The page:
Grant & Barrow, A Professional Law Corporation
Grant & Barrow, A Professional Law Corporation

Legal Services In Succession, Personal Injury And Criminal Defense

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504-662-9561

Call Us Today!
504-662-9561

The responsibilities of an estate executor

| Oct 5, 2020 | Blog, Probate And Estate Administration |

There are many tasks that an executor will need to complete after an individual dies. Typically, the first step in the process of settling a deceased person’s affairs is to present the will to a probate judge. Probate may take place in Louisiana if the deceased individual lived or owned property in the state.

What happens after the will is presented?

After presenting the will, the judge overseeing the probate proceeding will provide the executor with the authority needed to carry out his or her duties. Those duties typically include filing tax returns, paying creditors and inventorying assets. Any assets that remain within the estate after taxes and other debts have been paid can be distributed to beneficiaries.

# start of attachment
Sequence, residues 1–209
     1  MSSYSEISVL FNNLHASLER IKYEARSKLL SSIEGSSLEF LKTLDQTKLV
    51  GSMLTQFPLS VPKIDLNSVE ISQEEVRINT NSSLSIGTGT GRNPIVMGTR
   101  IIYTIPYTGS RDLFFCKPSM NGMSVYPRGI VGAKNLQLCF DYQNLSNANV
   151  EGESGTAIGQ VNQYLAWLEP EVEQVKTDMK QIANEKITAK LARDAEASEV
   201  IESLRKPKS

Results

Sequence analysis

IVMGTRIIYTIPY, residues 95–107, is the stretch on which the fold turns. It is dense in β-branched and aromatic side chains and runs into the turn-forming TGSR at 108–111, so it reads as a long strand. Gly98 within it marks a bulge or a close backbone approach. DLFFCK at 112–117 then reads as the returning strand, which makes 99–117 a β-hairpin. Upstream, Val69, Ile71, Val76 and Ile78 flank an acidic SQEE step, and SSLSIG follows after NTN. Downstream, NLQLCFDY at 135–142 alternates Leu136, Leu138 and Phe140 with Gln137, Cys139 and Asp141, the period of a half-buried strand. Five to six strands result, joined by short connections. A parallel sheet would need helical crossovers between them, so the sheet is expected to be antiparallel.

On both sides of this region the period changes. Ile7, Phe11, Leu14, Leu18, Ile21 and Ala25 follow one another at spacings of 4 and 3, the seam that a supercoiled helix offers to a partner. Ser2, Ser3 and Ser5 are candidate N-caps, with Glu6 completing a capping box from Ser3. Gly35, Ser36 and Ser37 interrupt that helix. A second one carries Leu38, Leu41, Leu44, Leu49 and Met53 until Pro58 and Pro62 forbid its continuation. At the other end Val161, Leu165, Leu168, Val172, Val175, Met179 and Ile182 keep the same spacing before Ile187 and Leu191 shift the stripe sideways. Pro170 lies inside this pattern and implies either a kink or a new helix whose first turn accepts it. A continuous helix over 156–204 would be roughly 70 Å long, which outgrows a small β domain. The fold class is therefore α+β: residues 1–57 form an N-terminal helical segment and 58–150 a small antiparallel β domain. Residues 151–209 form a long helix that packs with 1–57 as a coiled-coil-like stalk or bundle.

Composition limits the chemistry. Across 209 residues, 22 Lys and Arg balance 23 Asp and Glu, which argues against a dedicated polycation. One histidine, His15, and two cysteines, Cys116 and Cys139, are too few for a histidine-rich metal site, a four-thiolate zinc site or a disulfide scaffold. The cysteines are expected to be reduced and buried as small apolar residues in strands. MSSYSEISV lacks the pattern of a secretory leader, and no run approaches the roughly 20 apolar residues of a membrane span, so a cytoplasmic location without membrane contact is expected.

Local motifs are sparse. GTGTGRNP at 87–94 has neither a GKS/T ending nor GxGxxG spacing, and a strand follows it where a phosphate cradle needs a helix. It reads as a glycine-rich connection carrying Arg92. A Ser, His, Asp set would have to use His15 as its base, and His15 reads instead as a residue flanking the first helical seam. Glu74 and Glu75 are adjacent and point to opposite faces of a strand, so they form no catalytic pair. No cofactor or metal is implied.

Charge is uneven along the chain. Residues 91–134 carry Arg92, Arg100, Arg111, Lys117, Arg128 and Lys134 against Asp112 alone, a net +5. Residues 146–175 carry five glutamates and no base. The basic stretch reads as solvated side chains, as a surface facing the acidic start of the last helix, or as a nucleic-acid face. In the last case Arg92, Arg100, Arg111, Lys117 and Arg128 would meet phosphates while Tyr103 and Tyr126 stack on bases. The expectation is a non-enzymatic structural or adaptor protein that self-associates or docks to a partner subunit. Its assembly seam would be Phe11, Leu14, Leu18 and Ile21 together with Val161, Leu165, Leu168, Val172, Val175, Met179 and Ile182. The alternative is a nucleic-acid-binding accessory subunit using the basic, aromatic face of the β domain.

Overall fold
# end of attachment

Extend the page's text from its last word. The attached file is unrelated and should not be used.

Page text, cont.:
Beneficiaries may request a full accounting of estate assets

Prior to closing a probate case, an executor will likely need to provide an accounting report to the judge. However, the beneficiaries to the estate can also request a full accounting of estate assets. This may include a detailed inventory of any assets that an individual had in his or her estate at the time of that person’s death. Beneficiaries will likely need to sign a refunding bond and document that releases the executor from any future claims that might arise.

Do you need a waiver of bond?

A waiver of bond is something that may only be necessary if the deceased individual did not have a valid will at the time of his or her death. Furthermore, the requirement may be waived if the estate is valued at less than $20,000. This limit is generally in effect whether or not a surviving spouse is the sole beneficiary of the estate.

An estate planning attorney may be able to tell you more about probate and provide insight into who might be best suited to oversee your estate. He or she may also suggest ways to avoid probate altogether such as putting assets in a trust. If you are an executor, an attorney may be able to help you navigate the process in a timely manner.